Dr. Dale Ryan, a professor here at Fuller who was a pastor for a number of decades suggests that if you took all of the sermons preached on Sunday in American and put them in a giant pot, and boiled them down to distill them to their basic elements, and then looked at the bottom of the pot you would read one clear message:
I could not agree more.
Indeed I think this is the spirituality on offer to most Christians. This is the spirituality of a slave. Christians are obsessed with laws and commandments, from God and from the church, written and unwritten, and must work hard to earn their identity and hopefully feel accepted, by God and by other Christians.
Often this slave identity is fed by a fake humility. Many Christians intentionally disparage humanity, as if mocking God’s masterpiece somehow honors God. Humans are trash or dirt or rubbish or a vapor. While these all sound biblical and spiritual and are in one sense true, this is only part of the truth. This reinforces a very low view of Christians that suggests all Christians are only, “sinners saved by grace” or “beggars who were lucky enough to find food” or something else that sounds pious but is a deep misunderstanding of who the people of God are. This fake humility often reinforces or seeds self-hatred disguised as pious humility.
Compounding this situation is the fact that Christians are barraged by a list of things to do, a list of things to have and a list of things to be by the Church. The unspoken message is that one must be moral and ethical enough, known enough of the right theology, have enough of the right experiences, be involved in enough of the church’s programs, etc. to be good enough.
Christians are inevitably met with their failure to live up to all of these expectations and can become concerned about their acceptance before others and before God. They may begin to wonder if their failure is a sign that they are not a Christian or God is not helping them. They may begin to wonder if God does not like them, for if God liked them, He would help them more. Many Christians at this point embark upon a quest to obtain God’s acceptance and favor and help through religious performance, turning into human’s doing instead of human beings. Some Christians are truly burdened by this and take their religious performance to the extreme. Christians often call these people “pastors” or “missionaries.”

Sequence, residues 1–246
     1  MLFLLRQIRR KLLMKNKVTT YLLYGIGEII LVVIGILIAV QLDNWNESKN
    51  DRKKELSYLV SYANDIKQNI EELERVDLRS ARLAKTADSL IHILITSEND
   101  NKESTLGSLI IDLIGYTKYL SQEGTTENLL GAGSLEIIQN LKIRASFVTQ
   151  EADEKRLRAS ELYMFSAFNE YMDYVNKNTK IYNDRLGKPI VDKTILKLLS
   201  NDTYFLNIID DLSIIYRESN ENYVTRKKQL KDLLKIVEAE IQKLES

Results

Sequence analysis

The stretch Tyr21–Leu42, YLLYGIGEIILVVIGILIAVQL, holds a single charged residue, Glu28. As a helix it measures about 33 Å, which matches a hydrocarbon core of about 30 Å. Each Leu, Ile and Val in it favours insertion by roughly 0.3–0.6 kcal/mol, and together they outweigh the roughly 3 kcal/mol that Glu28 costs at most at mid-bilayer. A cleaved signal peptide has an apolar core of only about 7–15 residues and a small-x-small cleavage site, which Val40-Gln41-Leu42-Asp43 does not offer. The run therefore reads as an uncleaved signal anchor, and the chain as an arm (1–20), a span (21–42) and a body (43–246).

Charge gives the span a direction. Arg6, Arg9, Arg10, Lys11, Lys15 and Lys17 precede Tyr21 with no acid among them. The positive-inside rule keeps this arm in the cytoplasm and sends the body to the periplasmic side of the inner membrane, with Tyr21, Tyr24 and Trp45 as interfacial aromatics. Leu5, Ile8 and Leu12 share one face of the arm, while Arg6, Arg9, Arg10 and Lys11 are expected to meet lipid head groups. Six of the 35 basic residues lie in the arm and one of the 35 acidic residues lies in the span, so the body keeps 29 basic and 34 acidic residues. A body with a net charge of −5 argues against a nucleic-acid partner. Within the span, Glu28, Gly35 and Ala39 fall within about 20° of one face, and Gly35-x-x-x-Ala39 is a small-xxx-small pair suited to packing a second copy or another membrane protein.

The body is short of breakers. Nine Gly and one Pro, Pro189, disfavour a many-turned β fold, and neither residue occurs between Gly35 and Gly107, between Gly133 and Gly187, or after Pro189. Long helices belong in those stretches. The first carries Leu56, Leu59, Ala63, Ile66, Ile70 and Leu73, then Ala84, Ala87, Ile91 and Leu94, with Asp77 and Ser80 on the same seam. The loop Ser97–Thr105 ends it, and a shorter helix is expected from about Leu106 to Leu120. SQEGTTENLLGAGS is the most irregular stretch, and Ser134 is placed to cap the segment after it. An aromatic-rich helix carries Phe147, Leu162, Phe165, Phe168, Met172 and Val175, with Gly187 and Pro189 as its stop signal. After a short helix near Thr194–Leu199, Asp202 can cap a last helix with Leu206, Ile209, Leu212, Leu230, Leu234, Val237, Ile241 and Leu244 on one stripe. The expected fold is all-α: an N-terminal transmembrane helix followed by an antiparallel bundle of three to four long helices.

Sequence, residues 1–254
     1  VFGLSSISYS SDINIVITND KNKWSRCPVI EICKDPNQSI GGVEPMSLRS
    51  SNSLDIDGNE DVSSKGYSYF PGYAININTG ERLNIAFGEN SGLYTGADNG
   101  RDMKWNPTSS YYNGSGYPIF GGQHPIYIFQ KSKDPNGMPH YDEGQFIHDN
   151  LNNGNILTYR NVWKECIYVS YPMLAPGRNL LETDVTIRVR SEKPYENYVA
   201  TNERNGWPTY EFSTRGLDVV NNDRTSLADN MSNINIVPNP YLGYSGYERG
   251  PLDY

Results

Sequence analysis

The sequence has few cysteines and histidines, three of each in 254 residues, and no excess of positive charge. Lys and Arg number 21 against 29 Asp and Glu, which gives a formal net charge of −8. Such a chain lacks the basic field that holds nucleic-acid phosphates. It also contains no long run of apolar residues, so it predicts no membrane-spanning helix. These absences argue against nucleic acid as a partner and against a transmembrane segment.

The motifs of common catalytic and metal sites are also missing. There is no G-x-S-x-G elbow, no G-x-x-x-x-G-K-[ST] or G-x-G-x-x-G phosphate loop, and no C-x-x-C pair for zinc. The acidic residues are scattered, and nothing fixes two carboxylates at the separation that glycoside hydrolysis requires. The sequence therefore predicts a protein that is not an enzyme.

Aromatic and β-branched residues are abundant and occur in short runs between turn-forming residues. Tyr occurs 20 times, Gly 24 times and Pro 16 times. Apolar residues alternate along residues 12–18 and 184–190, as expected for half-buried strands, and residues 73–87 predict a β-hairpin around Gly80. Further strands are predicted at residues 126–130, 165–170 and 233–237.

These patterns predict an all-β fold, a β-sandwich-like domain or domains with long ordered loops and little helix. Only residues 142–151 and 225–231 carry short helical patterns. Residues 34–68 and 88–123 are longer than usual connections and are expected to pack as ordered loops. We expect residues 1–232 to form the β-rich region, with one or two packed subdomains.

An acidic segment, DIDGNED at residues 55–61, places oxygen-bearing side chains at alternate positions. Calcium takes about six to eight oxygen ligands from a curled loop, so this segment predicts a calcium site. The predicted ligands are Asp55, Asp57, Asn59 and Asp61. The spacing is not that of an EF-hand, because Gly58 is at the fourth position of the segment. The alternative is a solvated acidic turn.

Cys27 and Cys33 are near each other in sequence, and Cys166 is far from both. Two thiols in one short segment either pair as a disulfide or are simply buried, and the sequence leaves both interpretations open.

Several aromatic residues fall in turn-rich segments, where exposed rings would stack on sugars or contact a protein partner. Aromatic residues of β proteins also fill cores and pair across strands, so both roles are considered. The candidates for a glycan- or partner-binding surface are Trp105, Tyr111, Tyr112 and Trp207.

However, there is never enough religious performance in this world to make you feel secure in your identity and accepted by God. I know this because I have tried.
To make matters worse are the inherent contradictions within Christianity, a powerless civil religion. The ideals of Christianity are constantly laid out before Christians, but the only means by which followers of Jesus are to achieve these things, through the power of God and a relationship with the Holy Spirit, is absent. To use a quotation from C.S. Lewis this is like “castrating the gelding and bit it be fruitful.”
Christian spirituality sets people up for failure. Christians must try to achieve the ideals of Christianity on their own willpower instead of through a deep rootedness in God’s love and the power of the Holy Spirit. Trying to live the Christian life without walking in fellowship with the Holy Spirit and starting with a deep rootedness in God’s love for you is like to trying to fly by flapping your own arms; it’s not just hard, it’s impossible.
The inevitable big and small failures that come sadly only reinforce the self-hatred disguised as pious humility and highlight how far Christians have yet to go. This often contributes to so much of the deception and mask wearing that goes on in church. Christians, embarrassed by their inability to perform to the expectations before them, hide their failures. They try to put their best foot forward in the Christian community instead of talking about their experience. I am convinced that the highest levels of self-deception in American happen on Sunday from 8:00am to 12:00pm. So many people pretend it creates a fake atmosphere of perfection and peace. People who are not experiencing this feel an unspoken pressure to not rock the boat, and feel like they are the only ones struggling. Their only hope is that they can get their life together by keeping secret and trying harder.
For some people this spirituality actually works and the variety of church programs and the never-satisfied need for volunteers provides ample opportunities for them to serve even if it is not fulfilling for them. For others, burn out is the inevitable end and their Christian life ends after they look back and feel used. I am convinced many examples where the careers of Christian leaders end in financial or sexual scandal, their spirituality is the primary culprit.